Turkish parliament makes central bank responsible for monetary policy

Published April 25th, 2001 - 02:00 GMT

The Turkish parliament has given the central bank sole competence in setting monetary policy, the Anatolia news agency reported Wednesday, April 25, as the country struggles to recover from crisis and flotation of the lira. 

 

In a vote overnight, lawmakers approved a major law reforming the functions of the central bank, increasing independence of the bank and making it the ultimate authority in monetary policy, the agency said. 

 

The last time Turkey changed the legal status of the central bank was in 1971. 

 

Under the new law, the bank is independent but must report to parliament on a six-month basis on its activities, which are to conform with European standards, Anatolia reported. 

 

The central bank law was one of several priority measures outlined to tackle economic turmoil, which forced the government to float the Turkish lira in February, sending the currency plunging against the dollar. 

 

Since then the lira has lost more than 40 percent of its value against the dollar.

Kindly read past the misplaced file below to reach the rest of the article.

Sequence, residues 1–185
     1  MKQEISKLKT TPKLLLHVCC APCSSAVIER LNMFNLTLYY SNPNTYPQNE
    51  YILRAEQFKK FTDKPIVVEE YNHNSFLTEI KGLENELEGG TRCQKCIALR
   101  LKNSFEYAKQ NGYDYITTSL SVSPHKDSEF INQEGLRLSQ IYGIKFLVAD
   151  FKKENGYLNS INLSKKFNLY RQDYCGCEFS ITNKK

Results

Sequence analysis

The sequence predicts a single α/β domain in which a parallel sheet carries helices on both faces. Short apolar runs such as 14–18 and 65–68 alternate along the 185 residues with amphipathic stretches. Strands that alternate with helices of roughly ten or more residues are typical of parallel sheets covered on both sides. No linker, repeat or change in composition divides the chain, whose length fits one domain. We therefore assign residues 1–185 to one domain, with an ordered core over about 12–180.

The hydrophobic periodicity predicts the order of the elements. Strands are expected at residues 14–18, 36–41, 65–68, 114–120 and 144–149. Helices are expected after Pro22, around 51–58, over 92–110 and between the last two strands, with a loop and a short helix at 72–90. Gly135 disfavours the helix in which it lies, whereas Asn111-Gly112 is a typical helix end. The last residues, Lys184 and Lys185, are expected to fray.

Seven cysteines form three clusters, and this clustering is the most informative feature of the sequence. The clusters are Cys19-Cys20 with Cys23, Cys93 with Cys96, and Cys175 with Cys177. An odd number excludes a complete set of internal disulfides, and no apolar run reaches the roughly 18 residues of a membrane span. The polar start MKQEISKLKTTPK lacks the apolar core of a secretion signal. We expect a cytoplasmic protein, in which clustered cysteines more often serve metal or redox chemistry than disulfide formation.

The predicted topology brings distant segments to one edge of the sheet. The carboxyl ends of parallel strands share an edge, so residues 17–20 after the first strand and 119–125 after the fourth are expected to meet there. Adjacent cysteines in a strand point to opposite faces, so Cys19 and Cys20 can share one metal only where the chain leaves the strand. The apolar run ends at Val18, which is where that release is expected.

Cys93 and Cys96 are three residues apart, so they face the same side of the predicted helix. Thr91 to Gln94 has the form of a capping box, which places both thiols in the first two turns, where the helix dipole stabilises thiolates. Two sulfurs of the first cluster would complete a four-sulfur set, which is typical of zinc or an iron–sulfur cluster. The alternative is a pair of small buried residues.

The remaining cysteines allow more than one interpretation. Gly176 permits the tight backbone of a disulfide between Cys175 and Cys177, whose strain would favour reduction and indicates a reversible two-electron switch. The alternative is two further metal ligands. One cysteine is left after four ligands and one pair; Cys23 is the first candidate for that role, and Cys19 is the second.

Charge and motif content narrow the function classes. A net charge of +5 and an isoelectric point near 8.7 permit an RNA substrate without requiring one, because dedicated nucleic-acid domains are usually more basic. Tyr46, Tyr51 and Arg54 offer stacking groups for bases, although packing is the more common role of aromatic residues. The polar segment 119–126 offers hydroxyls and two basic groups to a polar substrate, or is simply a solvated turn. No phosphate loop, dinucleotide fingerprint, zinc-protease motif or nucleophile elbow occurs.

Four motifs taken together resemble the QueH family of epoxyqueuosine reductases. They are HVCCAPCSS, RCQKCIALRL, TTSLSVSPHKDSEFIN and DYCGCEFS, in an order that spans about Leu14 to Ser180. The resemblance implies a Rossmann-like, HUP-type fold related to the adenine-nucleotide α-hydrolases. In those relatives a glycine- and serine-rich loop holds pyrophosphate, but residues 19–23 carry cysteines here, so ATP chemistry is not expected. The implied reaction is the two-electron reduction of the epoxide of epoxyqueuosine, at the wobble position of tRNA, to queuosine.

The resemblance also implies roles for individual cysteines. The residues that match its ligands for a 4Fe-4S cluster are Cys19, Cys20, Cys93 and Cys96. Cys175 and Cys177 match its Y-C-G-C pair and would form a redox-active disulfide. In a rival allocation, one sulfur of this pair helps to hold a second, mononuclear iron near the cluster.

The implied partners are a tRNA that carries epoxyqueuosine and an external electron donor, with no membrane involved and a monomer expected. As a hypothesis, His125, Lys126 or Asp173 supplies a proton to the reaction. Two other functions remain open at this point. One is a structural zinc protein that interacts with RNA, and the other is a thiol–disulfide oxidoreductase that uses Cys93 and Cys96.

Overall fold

The country had been rocked by another financial crisis, and threat of devaluation, at the end of last year. Analysts and international organizations say that weaknesses in the banking system, and corruption, are two of the central problems in the Turkish economy. 

 

Flotation of the currency disrupted a three-year anti-inflation program backed by the International Monetary Fund (IMF), and forced the revision of macro-economic targets. 

 

Legislative reforms are central to an ambitious new economic program announced two weeks ago by Economy Minister Kemal Dervis to put the country back on track and to secure $10 billion to $12 billion in foreign aid. 

 

The Dervis plan aims to reduce public spending, restructure the banking sector and speed up privatizations. 

 

On Tuesday the parliament adopted a law introducing new regulations governing the state expropriation of private property. 

 

Under the legislation, the state is able to expropriate property only if it has sufficient funds or is able to offer another property in exchange. 

 

Dervis was to fly to Washington on Wednesday to attend the spring meeting of the IMF and the World Bank for talks on securing financial aid to the crisis-hit economy, Anatolia reported. 

 

During the Thursday-Monday meeting, Dervis will hold talks with international financiers and economy ministers of Group of Seven leading industrial nations on Turkey's new economic program, the report said. 

 

After the IMF-World Bank meetings, Dervis will make a stopover in Germany to meet bankers before returning home, it added. — (AFP, Ankara) 

 

© Agence France Presse 2001

© 2001 Mena Report (www.menareport.com)

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